People attempting to travel to areas to make phone calls or get help or medicine are having trouble getting around, people familiar with the federal response said, with some bridges and main roads impassable.
FEMA is helping to deliver emergency fuel to hospitals, which are struggling to keep up with demands.
A request for emergency funding would require approval from Congress. House Speaker Paul Ryan issued a statement on Monday stressing that he stands ready to act.
"Congress is working with the administration to ensure necessary resources get to the US territory. Our fellow citizens in Puerto Rico remain in our prayers as we make sure they have what they need," the Wisconsin Republican said.
The speaker recently visited Florida and Texas to survey storm damage in those states still recovering from Hurricanes Irma and Harvey, but he is unlikely to travel to the Puerto Rico while the island is still dealing with restoring basic power and communications capabilities. At an event in Texas last week Ryan mentioned Puerto Rico as one of the places they are still working to assess the recovery needs, and vowed that Congress would take up two disaster bills in October.
Two senior House GOP sources tell CNN they expect to get the official request from the Trump administration in mid-October.
As some Democrats are beginning to publicly worry that Puerto Rico is not getting the same amount of swift attention that Florida and Texas received after recent hurricanes caused record flooding and power outages, the top Republican who is working on the aid package made a point to say they will get the same help as others.
"The people of Puerto Rico and the US Virgin Islands remain in our thoughts as they struggle to recover from successive Hurricanes Irma and Maria. The challenges they face are truly tremendous. But they should be reassured that they are entitled to equal treatment under the law and the Appropriations Committee and House leadership will assure that every step of the way," House Appropriations Committee Chairman Rodney Frelinghuysen said.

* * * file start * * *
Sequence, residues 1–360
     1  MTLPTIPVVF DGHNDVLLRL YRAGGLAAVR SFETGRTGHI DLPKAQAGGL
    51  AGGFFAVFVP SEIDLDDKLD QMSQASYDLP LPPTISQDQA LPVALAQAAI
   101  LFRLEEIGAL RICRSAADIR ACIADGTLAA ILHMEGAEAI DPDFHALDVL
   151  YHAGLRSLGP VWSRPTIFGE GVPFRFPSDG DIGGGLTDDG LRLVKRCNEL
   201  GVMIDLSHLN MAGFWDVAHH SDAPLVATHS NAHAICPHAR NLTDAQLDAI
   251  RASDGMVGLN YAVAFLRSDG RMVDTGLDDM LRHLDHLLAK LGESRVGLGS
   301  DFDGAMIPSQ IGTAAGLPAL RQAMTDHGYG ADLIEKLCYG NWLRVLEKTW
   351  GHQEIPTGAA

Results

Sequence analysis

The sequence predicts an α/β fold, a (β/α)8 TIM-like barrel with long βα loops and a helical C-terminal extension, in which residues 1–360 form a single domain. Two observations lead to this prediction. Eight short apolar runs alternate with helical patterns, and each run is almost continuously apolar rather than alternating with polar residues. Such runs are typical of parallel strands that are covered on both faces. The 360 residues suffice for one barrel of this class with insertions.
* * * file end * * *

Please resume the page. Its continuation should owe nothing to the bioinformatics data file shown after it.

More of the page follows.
New York Democratic Rep. Jose Serrano sent a letter to the President on Friday calling for the creation of a joint task force made up of federal, local, and congressional leaders that is similar to the one set up after Superstorm Sandy damaged New York and New Jersey.
"Due to the magnitude of destruction brought by Hurricane Maria, we believe that a long-term comprehensive and collaborative framework is necessary in order to rebuild Puerto Rico, its economy, its health care system and its infrastructure," Serrano wrote.
An aide familiar with the discussions tells CNN that the administration is reviewing the request for a task force.
Florida GOP Sen. Marco Rubio visited Puerto Rico on Monday, and he penned a letter with his Democratic counterpart, Sen. Bill Nelson, to urge full federal support for Puerto Rico and the US Virgin Islands.